Nutrition: Celebrate the New Year with…Pineapples!
Ever since Christopher Columbus stumbled across the exotic pineapple on an island of South America, the tasty fruit has been a part of celebrations and a sign of hospitality all over the world.
A glass of Champagne with chunks of pineapple is considered to be a traditional New Year’s Eve drink in Germany. In China, eating pineapples during the Lunar New Year’s celebrations symbolizes upcoming prosperity throughout the New Year.
In the United States pineapples are a symbol of hospitality. In colonial days, its delicious flavor was treasured as a rare delicacy and pineapples were presented to show guests respect and appreciation. Pineapple images were later incorporated as decorative elements in wood carvings, tablecloths, and napkins.
But pineapple’s real treasure is its nutritional value. In addition to excellent vitamin C content, pineapples contain a substance known as bromelain which has shown anti-inflammatory and digestion-promoting effects. Read More
When shopping for pineapple, look for a heavy and firm fruit with a sweet scent. Canned pineapples should be avoided. Read more
During Christopher Columbus’ second expedition to America in 1493 he landed on the South American Island of Guadeloupe. Reportedly, he and his fellow sailors first laid their eyes on pineapples in an Indian village on the small island(1).
The Spanish called the fruit the “Pine of the Indies” as it reminded them of a pinecone. Later, the English added the name “apple” for the flesh’s texture, and the fruit that is thought to have originated in Brazil and Paraguay became known as the pineapple. Sailors brought pineapples on board their ships to protect themselves against scurvy and soon had introduced the fruit to tables in Europe and eventually North America.
Today over 500 years after Columbus’s discovery, pineapples are the second most popular tropical fruits in the United States after bananas.
Pineapples belong to the botanical plant family Bromeliaceae. This name hints at an active substance, Bromelain, found in the stems (known as stem bromelain) of pineapples, and in the pineapple fruit (known as fruit bromelain) itself. Bromelain is not a single compound, but rather a compound-mix made up of protein-digesting enzymes as well as other enzymes and components(2).
Several health benefits(2,3) of this complex mix have been reported. They include possible antiedematous (decrease swelling), anti-inflammatory, antitumoral, antimetastatic, antithrombotic (hinders abnormal blood clotting), fibrinolytic (dissolves scar tissue and abnormal blood clotting) effects, and immunostimulatory and antiarthritic benefits.
The anti-inflammatory properties of bromelain may help control tissue swelling and inflammation caused by illnesses such as sinusitis and osteoarthritis(4).
Also, bromelain, among other enzymes, is used to decrease symptoms of inflammation from sport injuries and rheumatoid disorders, and has been found to support wound healing.
Another very beneficial effect of bromelain is its ability to help promote and maintain a well-functioning digestion due to its protein-digesting properties. Furthermore, animal studies indicate that bromelain may be of help against bacteria-derived diarrhea. Both effects can benefit gastrointestinal health.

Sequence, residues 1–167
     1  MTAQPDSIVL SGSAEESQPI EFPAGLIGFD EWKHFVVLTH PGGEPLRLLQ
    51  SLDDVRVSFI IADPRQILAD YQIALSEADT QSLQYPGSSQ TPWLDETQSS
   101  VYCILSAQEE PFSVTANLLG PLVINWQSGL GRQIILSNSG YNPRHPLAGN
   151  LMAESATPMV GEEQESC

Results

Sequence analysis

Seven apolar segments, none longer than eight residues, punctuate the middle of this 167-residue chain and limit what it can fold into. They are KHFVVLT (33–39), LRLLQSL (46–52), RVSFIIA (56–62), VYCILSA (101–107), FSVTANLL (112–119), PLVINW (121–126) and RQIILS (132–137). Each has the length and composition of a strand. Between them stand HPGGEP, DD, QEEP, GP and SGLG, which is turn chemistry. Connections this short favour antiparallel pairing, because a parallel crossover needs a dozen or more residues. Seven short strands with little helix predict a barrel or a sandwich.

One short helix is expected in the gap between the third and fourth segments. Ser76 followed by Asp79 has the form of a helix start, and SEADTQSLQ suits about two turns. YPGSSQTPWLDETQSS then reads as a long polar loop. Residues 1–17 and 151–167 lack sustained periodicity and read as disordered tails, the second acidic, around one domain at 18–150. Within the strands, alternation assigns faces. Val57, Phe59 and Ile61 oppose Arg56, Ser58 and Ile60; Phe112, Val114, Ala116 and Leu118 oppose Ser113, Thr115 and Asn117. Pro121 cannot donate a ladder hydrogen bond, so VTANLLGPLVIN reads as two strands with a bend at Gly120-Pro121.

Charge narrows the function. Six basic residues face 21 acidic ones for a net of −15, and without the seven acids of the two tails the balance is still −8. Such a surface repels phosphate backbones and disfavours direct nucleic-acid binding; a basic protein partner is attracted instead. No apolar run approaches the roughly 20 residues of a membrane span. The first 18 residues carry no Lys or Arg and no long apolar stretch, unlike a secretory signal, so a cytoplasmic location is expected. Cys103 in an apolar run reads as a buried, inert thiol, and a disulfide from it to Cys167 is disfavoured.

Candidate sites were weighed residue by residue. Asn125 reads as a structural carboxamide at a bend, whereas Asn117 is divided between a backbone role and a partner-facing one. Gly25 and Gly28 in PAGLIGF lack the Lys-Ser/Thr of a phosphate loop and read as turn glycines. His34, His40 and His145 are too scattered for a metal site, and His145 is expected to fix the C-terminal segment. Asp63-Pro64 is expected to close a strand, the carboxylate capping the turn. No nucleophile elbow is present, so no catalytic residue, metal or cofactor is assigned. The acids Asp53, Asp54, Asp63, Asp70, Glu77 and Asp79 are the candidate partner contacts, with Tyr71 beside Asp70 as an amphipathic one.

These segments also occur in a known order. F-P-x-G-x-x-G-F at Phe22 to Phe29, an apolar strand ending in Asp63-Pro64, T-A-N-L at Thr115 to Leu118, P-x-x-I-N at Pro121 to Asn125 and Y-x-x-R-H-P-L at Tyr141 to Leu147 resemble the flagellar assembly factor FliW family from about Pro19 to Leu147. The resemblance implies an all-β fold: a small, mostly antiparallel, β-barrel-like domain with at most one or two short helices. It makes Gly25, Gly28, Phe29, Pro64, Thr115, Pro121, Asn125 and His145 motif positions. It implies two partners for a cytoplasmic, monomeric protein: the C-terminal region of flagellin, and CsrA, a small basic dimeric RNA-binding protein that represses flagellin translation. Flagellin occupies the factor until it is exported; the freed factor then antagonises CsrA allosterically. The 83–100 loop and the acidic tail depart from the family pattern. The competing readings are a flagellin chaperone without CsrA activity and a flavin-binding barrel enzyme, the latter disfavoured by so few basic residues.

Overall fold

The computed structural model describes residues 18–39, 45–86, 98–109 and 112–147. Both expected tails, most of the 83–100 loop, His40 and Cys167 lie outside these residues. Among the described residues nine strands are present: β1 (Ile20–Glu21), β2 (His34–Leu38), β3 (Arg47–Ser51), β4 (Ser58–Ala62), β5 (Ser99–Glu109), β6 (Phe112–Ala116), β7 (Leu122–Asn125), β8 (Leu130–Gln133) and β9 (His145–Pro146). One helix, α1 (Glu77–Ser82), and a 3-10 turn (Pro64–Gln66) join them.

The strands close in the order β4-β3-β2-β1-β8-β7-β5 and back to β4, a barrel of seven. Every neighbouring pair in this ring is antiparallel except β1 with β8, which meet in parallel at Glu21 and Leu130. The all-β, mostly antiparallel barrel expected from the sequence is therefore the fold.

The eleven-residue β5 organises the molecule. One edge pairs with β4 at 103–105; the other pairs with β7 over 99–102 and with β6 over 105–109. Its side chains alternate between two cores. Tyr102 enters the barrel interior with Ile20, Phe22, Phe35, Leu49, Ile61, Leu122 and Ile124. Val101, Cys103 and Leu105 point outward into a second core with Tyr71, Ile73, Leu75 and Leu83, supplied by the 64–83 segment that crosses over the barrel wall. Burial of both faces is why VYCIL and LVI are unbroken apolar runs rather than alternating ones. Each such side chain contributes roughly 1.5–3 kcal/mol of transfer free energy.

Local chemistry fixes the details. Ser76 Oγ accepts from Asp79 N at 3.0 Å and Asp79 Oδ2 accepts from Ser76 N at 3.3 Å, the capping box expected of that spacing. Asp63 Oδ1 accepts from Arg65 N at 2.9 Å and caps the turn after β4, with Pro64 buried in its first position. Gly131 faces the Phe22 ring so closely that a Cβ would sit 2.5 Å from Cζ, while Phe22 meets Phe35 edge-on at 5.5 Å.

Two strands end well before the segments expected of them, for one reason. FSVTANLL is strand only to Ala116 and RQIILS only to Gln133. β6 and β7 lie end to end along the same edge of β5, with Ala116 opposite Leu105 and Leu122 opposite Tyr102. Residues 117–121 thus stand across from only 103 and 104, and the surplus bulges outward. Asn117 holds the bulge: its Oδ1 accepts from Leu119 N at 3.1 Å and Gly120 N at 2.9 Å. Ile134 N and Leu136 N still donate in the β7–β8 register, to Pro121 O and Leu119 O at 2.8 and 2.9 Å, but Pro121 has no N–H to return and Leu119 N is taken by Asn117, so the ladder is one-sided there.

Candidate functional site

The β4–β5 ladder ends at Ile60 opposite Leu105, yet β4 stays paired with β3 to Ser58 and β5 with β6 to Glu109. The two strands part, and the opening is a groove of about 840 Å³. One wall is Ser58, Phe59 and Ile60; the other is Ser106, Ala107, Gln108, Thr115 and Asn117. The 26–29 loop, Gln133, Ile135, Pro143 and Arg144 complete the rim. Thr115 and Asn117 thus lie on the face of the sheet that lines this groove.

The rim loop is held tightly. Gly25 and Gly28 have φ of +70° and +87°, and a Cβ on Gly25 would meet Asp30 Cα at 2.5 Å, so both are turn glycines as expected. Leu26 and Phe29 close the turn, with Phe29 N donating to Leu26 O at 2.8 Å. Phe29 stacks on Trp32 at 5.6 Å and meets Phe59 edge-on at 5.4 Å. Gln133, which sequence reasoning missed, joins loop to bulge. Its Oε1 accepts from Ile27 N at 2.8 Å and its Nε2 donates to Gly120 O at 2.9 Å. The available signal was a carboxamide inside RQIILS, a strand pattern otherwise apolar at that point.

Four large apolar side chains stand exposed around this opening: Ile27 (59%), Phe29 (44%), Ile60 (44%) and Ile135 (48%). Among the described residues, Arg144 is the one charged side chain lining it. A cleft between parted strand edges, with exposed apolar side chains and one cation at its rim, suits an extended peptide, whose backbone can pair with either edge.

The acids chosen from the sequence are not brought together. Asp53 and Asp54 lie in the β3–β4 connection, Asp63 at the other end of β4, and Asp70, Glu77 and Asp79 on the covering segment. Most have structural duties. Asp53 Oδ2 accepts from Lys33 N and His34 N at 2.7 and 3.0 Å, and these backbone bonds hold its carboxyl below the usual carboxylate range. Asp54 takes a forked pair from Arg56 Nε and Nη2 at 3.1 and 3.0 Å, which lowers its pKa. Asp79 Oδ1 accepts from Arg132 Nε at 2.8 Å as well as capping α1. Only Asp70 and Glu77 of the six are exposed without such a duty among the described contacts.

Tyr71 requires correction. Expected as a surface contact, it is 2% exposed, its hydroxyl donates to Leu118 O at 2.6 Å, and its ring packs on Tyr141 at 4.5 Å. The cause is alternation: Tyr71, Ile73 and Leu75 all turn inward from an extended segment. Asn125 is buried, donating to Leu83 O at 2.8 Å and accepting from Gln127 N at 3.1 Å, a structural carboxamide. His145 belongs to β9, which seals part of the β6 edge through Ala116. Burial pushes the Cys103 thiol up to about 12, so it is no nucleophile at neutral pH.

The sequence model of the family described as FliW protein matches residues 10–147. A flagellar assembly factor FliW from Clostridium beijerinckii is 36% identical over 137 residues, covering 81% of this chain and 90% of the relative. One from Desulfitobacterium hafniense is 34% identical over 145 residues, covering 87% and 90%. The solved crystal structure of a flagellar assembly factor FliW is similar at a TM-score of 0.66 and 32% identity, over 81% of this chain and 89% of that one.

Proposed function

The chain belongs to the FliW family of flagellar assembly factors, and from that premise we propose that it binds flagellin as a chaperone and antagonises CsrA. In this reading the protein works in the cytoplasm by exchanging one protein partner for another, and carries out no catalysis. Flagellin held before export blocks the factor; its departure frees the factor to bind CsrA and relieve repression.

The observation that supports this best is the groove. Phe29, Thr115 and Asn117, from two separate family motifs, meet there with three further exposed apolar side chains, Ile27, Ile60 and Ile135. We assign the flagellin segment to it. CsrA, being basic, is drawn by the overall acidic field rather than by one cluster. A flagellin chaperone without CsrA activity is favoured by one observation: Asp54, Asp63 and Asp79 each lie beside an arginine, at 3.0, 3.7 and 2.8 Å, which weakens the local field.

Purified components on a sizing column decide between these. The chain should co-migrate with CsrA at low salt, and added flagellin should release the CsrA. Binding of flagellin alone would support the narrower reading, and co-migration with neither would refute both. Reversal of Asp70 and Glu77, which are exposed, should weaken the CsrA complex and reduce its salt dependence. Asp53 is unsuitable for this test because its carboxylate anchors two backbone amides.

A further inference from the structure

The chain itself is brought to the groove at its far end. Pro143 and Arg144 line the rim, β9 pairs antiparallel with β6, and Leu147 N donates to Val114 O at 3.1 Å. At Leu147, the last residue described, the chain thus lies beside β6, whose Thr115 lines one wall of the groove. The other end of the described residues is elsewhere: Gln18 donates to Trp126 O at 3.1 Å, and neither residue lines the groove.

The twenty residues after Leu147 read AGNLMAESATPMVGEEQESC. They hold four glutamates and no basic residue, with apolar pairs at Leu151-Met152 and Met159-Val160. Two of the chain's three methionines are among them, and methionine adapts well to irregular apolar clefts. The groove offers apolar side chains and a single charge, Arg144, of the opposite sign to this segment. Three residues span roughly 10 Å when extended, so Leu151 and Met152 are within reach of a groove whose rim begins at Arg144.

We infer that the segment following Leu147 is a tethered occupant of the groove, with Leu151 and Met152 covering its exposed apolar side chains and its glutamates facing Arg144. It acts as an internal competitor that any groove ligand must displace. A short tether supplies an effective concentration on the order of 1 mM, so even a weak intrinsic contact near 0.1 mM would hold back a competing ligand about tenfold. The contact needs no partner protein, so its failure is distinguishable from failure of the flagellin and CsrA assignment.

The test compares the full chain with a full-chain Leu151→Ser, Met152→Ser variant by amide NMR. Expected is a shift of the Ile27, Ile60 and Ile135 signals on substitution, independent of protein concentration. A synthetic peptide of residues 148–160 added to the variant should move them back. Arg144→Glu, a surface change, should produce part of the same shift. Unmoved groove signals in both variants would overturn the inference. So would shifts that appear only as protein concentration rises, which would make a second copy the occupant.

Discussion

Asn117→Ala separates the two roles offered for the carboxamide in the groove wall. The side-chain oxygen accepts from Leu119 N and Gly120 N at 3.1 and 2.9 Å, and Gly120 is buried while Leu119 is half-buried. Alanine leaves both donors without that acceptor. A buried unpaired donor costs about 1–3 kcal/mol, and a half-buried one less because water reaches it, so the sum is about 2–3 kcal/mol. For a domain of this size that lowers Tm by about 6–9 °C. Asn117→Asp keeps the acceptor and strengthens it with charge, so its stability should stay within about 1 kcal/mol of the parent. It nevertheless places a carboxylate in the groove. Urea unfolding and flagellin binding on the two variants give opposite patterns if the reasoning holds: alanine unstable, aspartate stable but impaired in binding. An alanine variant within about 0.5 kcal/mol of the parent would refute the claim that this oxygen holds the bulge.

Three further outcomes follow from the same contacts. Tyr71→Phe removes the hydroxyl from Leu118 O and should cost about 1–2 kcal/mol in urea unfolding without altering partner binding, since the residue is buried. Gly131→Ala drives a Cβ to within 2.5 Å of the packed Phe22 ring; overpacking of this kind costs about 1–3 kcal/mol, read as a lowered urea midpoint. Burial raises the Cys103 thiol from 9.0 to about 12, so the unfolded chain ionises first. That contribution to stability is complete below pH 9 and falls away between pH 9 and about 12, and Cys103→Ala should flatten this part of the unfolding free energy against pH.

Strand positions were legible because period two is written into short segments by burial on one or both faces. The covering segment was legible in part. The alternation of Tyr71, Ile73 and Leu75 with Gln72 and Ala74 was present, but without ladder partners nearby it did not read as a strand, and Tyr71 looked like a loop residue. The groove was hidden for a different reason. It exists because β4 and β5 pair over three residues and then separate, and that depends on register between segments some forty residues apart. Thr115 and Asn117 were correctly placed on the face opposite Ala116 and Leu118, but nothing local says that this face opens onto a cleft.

Pineapples are a great source of vitamin C. Additional nutritional information(5) is provided in the table below. The values are given for one cup of raw pineapple.
C, B1, B6 & Folate
Manganese & Copper
Eating vitamin C rich pineapples may aid in preventing a cold or even feeling better faster when fighting a cold, especially now in the chilly winter time.
Some studies indicate that the duration and severity of colds may be decreased by vitamin C. Interestingly, endurance athletes such as skiers or marathon runners may reduce their risk to develop a cold by 50%(6).
Once harvested, pineapples won’t continue to ripen, but may sweeten and will soften. When it comes to selecting ripe pineapples heaviness in comparison to size and a sweet scent are good indicators. However, the fruits should not be too soft or have dark marks and bruises. The crown of leaves should be fresh and have a dark-green color. A musty or fermented smelling fruit may be already spoiled. A good test for ripeness is to grasp a center leaf and tug it. If it comes free, chances are your pineapple is ripe.
Always buy pineapple fresh, never canned. Canned pineapple can contain unwanted added sugars.
After the pineapple is cut-up, it is important to refrigerate the chunks in an airtight colored container to ensure freshness for a couple of days and to prevent browning (caused by light exposure).
When stored at room temperature whole pineapples will last only for a couple days. If you cannot eat the fruit right away, store the fruit as a whole in the refrigerator but without the upper leave crown (remove the crown by twisting it carefully). Without the crown, pineapple seems to stay fresher longer and can be maintained for about a week. A storage temperature of approx. 45°F is recommended.
And remember—freshly cut-up pineapple makes a great refreshing snack for young and old!
(4) Brien S, Lewith G, Walter A, Hicks SM and Middleton D: Bromelain as a Treatment for Osteoarthritis: a Review of Clinical Studies. Evidence-based Complementary and Alternative Medicine 2004;1(3)251-257.